Let me describe the farm to you before you start making any wrong assumptions. First, this isn’t just any farm. It is an old New England working dairy farm, a hill farm of about 600 acres, with century old stonewalls, beautiful gnarled sugar maples, wild apple trees, slate-roofed barns and views that reach to the far, far horizon.
To say that the farm is authentic, that it is genuine old-time New England is an understatement equal to saying that Joan of Arc was a bit jumpy around flames. The farm is about 230 years old and has been in this family for the last 150 of those years. Every building, every stonewall, every tree, every swale, every tool has a long history of use and many generation of stories attached to them.
Also, more than half the farm is still forested and about half of that has never been logged or otherwise messed with so the trees are big, the flowers gorgeous and the wildlife diverse. The rest of the farm is broken up into pastures-some large, some small- meadows-some wild, some tame- and barnyard- some thick with mud and some thick with….er, ah, other stuff.
There are 120 cows, or so, on the farm. Half of them are milkers and the rest are heifer calves, yearlings, young heifers and dry cows. (Just so we all stay on the same milk line (that’s farm talk), a farmer would say there are actually 60 cows and 60 heifers. This is because a heifer is an animal that hasn’t had two calves. So when I say that there are 120 cows on the farm what I am really saying is that there are 120 animals on the farm that look a whole lot like cows but only half of them really are. Is that clear?)
Where was I? Oh, yes, describing the farm.
One of the things that makes this farm so special is that it is run the old fashioned, traditional way. For example, in season, the cows go out to the pastures to feed during the day and come into the barn morning and night to be milked. Not the most efficient way to do things, with all the time wasted herding and chasing after cows but certainly the most pleasant way.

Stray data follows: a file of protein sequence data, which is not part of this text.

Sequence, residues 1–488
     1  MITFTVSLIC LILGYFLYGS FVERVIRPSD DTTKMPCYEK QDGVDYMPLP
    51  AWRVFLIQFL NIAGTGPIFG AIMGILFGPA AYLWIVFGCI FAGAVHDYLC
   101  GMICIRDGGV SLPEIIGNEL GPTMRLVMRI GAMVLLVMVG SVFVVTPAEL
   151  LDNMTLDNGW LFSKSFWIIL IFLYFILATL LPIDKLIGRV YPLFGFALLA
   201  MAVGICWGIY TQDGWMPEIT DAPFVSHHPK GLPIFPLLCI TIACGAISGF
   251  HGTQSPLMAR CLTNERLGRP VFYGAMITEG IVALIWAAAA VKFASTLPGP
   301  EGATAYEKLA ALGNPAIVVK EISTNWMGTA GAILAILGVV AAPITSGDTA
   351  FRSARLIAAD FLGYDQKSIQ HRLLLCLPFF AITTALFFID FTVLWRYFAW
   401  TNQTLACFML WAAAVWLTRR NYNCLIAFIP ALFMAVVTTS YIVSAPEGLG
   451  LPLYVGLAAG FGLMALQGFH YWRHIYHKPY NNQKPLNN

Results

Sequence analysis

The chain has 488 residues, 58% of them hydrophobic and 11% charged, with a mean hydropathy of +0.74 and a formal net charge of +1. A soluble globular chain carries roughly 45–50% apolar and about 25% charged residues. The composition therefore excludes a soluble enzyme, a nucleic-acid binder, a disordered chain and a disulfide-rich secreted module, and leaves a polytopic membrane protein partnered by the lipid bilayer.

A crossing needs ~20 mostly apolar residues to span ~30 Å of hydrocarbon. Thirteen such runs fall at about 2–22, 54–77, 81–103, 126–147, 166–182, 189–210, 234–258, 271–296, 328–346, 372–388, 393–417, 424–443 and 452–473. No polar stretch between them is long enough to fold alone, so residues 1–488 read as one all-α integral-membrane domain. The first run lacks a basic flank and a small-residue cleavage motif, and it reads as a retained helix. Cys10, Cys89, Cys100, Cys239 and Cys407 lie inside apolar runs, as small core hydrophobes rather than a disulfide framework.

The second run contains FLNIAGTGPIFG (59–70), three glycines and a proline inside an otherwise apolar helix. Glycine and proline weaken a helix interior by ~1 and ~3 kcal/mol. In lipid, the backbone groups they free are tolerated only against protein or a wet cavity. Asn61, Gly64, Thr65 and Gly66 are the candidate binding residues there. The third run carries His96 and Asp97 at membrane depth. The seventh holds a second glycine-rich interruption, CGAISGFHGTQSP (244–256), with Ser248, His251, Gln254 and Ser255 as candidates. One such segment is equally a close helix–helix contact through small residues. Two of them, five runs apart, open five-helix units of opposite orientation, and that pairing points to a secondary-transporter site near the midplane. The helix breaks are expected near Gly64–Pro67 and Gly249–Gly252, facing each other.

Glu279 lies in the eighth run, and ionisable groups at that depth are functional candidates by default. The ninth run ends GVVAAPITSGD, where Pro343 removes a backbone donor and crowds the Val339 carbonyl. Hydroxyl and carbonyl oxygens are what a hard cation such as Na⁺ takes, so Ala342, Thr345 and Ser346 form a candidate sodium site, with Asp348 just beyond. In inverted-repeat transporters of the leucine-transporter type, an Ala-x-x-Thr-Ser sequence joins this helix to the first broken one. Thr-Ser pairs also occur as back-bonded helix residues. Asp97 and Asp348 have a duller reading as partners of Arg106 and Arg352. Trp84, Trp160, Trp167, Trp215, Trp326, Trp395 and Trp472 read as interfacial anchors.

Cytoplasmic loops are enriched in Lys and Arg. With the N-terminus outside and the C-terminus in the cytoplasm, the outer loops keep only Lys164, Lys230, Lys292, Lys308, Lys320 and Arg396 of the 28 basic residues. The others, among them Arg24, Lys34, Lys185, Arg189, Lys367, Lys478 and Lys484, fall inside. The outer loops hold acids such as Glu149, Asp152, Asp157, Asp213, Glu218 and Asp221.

This is not how is it usually done these days. Almost all dairy farms are run with efficiency foremost. The more efficient the farm is run the more likely it will be able to eke out a profit. A profit means that the farm survives another year.
On a dairy farm it is much more efficient, and therefore more cost effective, to keep the cows in the barn all the time and bring the food to them. Letting the cows out takes up valuable time and increases costs, not to mention irritation. When I asked the framer why the cows are let out and not kept inside all the time like most other farms I was told “Well, it just seems that the cows would be happier if they went out whenever they could. Wouldn’t you?” Made sense to me. A farmer who wants his cows to be happy! You gotta love this farm!
Another thing that makes this farm so special is the family that works it. I have never been so welcomed and made to feel so much a part of a family as I have on this farm. Seven generations have lived on and worked this farm and three generations still work it. Amazingly, every generation that has lived on the farm has had three children and every child has been a boy. And every time it is the middle son who takes over the farm from the father. You gotta love this farm!
Here is the main cast of characters that I deal with on a daily basis:
Hugh is the patriarch, the grandfather (he is actually a great grandfather now), 89 years old and tough as nails. He can be “stiff as a board” sometimes when it comes to trying new ways but to me he has always been terrific. He still grabs a shovel or a scraper every day, drives the tractors around, rides into town to do errands and totes around full buckets of milk. His language is a tad colorful but that’s okay; I am learning lots of new ways to string together cuss words that I never would’ve thought of myself.